University of Delaware Library

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Henry M. Snyder

Notes on Americanization



Manuscript Collection Number: 97, item 149
Extent: 2 vols
Content: Lecture notes
Access: The collection is open for research.
Processed: Sally W. Donatello, June 2001

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Table of Contents

Introductory Note

The flood of immigrants to the Unites States at the end of the nineteenth century gave rise to interest in national identity; the idea of the “melting pot” was replaced by a focus on “Americanization.” By the second decade of the twentieth century, especially after the first World War, nationalism was a prevalent theme in cultural, social, and educational programs throughout the country. Americanization promoted the values of liberty, democracy, and equal opportunity by making the new immigrants feel they belonged in their adopted country.

In 1918 Henry M. Snyder, a resident of Wilmington, Delaware, attended a course developed by the New York-based Americanization Institute, in preparation for a course he intended to offer in Wilmington.

The Henry M. Snyder Notes on Americanization consists of two bound volumes of lecture notes taken from a six-week course at the Americanization Institute. The lecture course spanned the dates November 12 - December 21, 1918. These notes are handwritten by Snyder from lectures delivered by fourteen guest speakers.

Snyder, who lived at 909 Gilpin Avenue in Wilmington, Delaware, attended the course, which was held Tuesdays through Saturdays. It was probably taught in New York City, but also could have been taught in Wilmington. The lectures stressed the use of evening schools and the teaching of English to adult immigrants as basics to the success of the Americanization curriculum.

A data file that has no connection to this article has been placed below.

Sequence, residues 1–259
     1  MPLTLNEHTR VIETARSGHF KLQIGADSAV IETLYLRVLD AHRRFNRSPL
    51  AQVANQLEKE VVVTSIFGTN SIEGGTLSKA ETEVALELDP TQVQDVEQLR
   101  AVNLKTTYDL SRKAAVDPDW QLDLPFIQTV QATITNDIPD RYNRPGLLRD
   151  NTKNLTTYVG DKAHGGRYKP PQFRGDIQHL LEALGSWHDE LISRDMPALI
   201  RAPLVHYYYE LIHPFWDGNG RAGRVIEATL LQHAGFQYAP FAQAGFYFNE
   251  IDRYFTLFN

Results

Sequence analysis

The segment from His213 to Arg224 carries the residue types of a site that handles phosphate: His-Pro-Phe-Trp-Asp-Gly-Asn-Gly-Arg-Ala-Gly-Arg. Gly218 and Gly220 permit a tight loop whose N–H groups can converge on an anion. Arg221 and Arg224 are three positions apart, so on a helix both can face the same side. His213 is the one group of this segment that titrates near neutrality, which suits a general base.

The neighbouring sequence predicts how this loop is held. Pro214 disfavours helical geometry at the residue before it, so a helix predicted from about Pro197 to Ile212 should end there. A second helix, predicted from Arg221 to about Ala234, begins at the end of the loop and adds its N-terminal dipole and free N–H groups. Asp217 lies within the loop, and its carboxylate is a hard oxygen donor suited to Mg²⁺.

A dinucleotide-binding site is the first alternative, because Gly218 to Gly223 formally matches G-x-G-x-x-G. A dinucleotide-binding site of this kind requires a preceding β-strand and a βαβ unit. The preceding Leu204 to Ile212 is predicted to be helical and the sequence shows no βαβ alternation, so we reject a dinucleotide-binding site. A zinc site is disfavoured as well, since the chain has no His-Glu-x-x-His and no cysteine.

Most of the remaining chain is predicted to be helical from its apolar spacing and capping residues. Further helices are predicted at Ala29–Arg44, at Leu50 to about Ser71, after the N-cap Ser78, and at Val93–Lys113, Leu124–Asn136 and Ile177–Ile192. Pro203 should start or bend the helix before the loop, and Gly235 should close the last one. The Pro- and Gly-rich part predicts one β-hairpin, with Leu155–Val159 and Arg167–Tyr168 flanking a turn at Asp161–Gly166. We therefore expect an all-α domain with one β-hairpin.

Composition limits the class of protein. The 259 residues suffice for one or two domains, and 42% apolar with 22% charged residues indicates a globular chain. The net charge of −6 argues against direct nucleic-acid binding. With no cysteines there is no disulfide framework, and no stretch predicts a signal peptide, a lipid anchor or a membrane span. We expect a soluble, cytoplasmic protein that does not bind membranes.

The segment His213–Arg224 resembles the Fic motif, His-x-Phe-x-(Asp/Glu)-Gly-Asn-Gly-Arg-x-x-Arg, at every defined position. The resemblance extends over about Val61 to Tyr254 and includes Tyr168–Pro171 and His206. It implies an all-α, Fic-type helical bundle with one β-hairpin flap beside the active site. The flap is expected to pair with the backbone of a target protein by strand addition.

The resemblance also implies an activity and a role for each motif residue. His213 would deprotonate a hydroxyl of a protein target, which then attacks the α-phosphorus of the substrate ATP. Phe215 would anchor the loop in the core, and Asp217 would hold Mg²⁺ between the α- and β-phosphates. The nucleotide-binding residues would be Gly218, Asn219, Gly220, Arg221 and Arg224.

Volume one begins with an explanation about the purpose of this course. Snyder wrote, “To develop in Wilmington a corps of teachers who are not only trained in the best methods of teaching adult immigrants English and citizenship, but who are also equipped with an understanding of the national and local importance of Americanization in its fundamental meaning. To create in the community generally as well as in teachers and workers, a sympathetic knowledge of racial background which shall direct and guide all Americanization work.”

The fourteen lecturers were Francis A. Keller, Special Advisor to the Federal Commissioner of Education and Assistant to the Chairman of Immigration Committee of the Chamber of Commerce of the USA; Raymond Moley, Director of Americanization, Ohio State Defense Council; Dr. Nathan Peyser, Director Educational Alliance of New York City; William C. Smith, Supervisor of Immigrant Education, New York State; Mary De G. Trenhohn, Head Worker East Side House Settlement, New York City; Elizabeth Read, New York lawyer; Dr. Angelo Patri, Principal of Public School 45, New York City; Dr. John Grier Hibben, President, Princeton University; Alexander Massell, Principal, Evening School 51, New York City; H.H. Goldberger, Teachers’ College, Columbia University; A.W. Castle, Assistant Superintendent of Public Schools, Cleveland, Ohio; Arthur W. Dunn, Specialist in Community Civics, Federal Bureau of Education; Margaret Maguire, Principal McCall School, Philadelphia, Pennsylvania; and Harriet P. Dow, formerly social worker, New Jersey Zinc Company.

Laid into volume one is a three-page notice about New York’s laws on immigrant education. This pamphlet was probably a handout from William C. Smith, whose name appears on the notice and was one of the lecturers.

In volume two some of the pages are cut out. In the back of the notebook is a series of three separate notes: “Suggestions on Methods taken from the New York City Syllabus for Teaching of English to Foreigners,” “The Fields of Americanization,” and “The Great Experiment—Americanization,” by Franklin K. Sane.

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